What I liked
What I didn't like
Quick PlotNancy's friend is missing! Go to the island and find her!
- Standard point-and-click travel and environmental interaction
- New sailing feature
- New scuba diving feature (gotta keep that tank filled!)
- Rock-climbing (this might be new)
- Driving, as seen in other games
- Playing games with monkeys
- Metal detecting and digging
For some reason, the music didn't do much for me this time around. There is very little variety in the music for most of the game. It provides some accompaniment, but it's nothing special. The composer for the Dossier series is pumping out better music for that line of games.
The story was one of the best parts of the game. It involves some old Spanish ships and some treasure.
Playing the Game
This is where the game falls short of previous Nancy Drew adventures. I can imagine the developer meeting where they planned the game:
Developer 1: "You know, we just need to get this game done. Any ideas for speeding up the process?"And so they got to work. And it shows. You spend a huge portion of the game not solving puzzles, gaining new insight, or discovering new fascinating locations. Rather, a hefty majority of the game is spent driving a golf cart around the island. And wouldn't you know it - the map of the island isn't with you for easy access - no - it's all the way back at the resort where you're staying - so you have to memorize it!
Developer 2: "Well, what gamers want is a good chunk of time spent in a video game. Time equals value for the gamer."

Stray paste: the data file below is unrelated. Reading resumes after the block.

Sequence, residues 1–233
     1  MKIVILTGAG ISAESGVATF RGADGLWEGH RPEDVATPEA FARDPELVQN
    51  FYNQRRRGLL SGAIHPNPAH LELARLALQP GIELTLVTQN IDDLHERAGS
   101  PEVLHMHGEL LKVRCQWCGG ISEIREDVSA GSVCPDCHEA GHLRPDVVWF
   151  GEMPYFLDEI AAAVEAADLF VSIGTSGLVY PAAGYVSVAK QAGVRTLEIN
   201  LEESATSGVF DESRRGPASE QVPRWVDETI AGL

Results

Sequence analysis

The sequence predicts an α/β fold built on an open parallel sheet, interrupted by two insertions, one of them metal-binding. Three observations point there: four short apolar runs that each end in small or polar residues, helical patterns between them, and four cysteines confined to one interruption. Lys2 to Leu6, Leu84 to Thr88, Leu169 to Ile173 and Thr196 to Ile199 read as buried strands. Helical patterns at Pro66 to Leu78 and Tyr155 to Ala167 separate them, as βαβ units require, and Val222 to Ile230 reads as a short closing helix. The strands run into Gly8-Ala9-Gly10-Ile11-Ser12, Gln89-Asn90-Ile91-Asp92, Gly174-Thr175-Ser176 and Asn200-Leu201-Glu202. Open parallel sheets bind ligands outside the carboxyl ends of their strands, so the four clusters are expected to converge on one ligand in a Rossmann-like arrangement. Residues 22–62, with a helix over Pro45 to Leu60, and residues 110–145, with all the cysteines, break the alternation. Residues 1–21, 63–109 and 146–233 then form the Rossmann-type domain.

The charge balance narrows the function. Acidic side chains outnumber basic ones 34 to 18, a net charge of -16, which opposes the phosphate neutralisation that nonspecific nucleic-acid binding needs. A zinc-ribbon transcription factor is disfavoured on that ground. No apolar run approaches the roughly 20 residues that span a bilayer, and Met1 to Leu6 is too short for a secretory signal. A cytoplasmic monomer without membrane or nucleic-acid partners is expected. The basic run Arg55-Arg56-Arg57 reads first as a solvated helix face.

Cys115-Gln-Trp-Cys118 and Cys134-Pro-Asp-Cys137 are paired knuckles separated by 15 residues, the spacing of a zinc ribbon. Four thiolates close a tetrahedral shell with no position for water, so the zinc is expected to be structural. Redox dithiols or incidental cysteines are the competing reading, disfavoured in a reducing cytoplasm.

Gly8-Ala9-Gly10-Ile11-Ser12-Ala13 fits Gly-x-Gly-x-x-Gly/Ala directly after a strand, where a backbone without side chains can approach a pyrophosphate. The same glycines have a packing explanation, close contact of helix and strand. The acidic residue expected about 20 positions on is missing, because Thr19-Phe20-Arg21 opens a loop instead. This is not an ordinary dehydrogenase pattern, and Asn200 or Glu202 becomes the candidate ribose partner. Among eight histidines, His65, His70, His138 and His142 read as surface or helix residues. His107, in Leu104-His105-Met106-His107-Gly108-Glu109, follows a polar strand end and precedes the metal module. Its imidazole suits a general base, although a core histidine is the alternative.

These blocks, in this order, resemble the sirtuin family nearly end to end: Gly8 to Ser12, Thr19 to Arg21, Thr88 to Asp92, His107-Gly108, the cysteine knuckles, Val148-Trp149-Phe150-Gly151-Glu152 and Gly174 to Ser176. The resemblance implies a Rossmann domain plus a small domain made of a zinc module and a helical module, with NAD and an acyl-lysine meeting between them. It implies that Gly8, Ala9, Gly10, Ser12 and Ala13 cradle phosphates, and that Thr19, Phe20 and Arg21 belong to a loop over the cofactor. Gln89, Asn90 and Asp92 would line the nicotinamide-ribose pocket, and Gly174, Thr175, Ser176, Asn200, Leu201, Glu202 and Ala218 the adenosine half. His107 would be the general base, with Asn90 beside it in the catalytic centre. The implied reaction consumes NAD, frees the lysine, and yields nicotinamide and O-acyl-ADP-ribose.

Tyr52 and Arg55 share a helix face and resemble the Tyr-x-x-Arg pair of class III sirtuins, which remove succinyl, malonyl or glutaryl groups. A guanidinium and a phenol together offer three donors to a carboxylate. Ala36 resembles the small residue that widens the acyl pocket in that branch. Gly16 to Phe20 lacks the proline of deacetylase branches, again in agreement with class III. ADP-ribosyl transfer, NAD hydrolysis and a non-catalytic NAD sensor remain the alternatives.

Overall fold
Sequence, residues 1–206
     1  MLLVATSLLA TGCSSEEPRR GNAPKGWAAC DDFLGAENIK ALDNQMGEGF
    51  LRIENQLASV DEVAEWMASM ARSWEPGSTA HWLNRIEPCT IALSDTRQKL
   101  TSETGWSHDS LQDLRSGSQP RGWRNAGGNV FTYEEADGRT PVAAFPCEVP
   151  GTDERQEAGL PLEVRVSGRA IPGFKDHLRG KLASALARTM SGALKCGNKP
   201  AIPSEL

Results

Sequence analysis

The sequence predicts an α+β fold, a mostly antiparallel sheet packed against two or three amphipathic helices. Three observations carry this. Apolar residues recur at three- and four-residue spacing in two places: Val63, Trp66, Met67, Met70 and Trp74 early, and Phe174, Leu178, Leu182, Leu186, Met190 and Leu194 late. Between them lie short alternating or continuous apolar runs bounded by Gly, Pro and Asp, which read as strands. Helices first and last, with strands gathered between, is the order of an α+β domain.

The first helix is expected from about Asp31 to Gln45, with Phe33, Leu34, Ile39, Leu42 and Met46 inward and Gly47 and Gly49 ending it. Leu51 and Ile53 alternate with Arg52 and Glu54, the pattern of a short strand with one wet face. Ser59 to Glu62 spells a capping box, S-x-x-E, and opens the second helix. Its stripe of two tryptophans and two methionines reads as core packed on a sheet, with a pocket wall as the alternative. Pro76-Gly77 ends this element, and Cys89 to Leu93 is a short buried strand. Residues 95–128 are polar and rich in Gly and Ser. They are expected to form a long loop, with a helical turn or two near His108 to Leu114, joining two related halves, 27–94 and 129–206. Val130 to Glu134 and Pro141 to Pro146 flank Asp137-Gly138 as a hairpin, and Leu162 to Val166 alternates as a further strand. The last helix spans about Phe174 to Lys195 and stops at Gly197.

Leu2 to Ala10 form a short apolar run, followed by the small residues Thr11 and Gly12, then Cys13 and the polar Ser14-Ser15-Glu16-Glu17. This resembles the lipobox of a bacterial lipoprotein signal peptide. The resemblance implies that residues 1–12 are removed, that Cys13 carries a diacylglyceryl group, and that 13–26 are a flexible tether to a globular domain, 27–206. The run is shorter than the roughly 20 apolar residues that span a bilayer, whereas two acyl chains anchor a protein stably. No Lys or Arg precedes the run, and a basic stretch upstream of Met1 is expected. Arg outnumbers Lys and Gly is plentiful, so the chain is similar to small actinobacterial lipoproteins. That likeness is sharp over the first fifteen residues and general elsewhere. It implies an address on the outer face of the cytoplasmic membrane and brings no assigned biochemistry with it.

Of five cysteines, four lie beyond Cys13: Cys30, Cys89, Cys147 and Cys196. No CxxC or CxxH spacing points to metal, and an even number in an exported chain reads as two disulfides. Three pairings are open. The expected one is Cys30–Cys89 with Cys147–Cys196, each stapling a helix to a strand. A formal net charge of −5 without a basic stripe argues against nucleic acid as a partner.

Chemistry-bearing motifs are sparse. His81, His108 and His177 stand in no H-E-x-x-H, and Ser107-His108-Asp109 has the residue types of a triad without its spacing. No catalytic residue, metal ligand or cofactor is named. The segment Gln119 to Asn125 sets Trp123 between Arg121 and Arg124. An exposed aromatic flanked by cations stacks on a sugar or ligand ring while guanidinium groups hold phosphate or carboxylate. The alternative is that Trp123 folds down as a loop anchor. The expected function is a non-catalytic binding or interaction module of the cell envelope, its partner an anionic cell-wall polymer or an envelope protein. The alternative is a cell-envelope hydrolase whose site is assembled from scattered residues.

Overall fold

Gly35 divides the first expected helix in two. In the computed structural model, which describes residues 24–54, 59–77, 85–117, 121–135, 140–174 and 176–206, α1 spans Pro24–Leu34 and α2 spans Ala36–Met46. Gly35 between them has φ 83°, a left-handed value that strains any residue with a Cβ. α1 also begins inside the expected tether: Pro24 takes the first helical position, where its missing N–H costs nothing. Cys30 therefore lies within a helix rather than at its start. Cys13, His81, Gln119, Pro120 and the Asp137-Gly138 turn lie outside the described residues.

Developer 3: "That's right. How about this: What if we just make a lot of the mechanics tedious and repetitive so that it feels like the player is doing something even though he really isn't!"
Developer 1: "Brilliant!"
When you're not driving, you're climbing (and getting pelted by rocks), sailing around an expanse of water, playing boring games over and over to win prizes from monkeys, scuba diving, and traveling all the way back to the resort to fill up your scuba tank! Doesn't that sound like fun? No? That's because it isn't really. Good adventure games keep you playing by leading you to
- participate in interesting conversations with interesting characters,
- discover clues in interesting locations, or best of all,
- solve (challenging or interesting) puzzles.
This brings me to the best part of Seven Ships. There were, thankfully, some fun, amusing, and challenging puzzles in this game. That was the part where I told my wife, "Okay, let me take the mouse now!"
Oh, and to top it off, they give you one of the all-time adventure game no-nos: a maze. Sure, you're scuba diving, and there are symbols which are supposed to guide you, but it's still a maze.
To avoid spoilers, I won't go into much detail, but I'll say that I was dissatisfied with both the resolution to the mystery, and with the ending.
Suitable for the family?The kids sat with us for much of this game. There's a talking parrot in the game, which is great for the weefolk. And, of course, the monkeys.
The family man's final rulingThis game often leaves you with little direction. Usually, I like to solve these games without looking online for hints. This time, we had no choice. We had to visit UHS multiple times. You're supposed to get your direction from an old journal you find. This just didn't work well.
Honestly, I was disappointed. I have been having a lot more fun with the newer Nancy Drew Dossier series than with the long-lived adventure series. My wife is the primary Nancy Drew fan in our house, and she was disappointed with this game too. I would recommend trying some of the older entries if you're new to the series.
You'll like the game if...
You won't like the game if...
If you want to play Nancy Drew: Ransom of the Seven Ships, click below: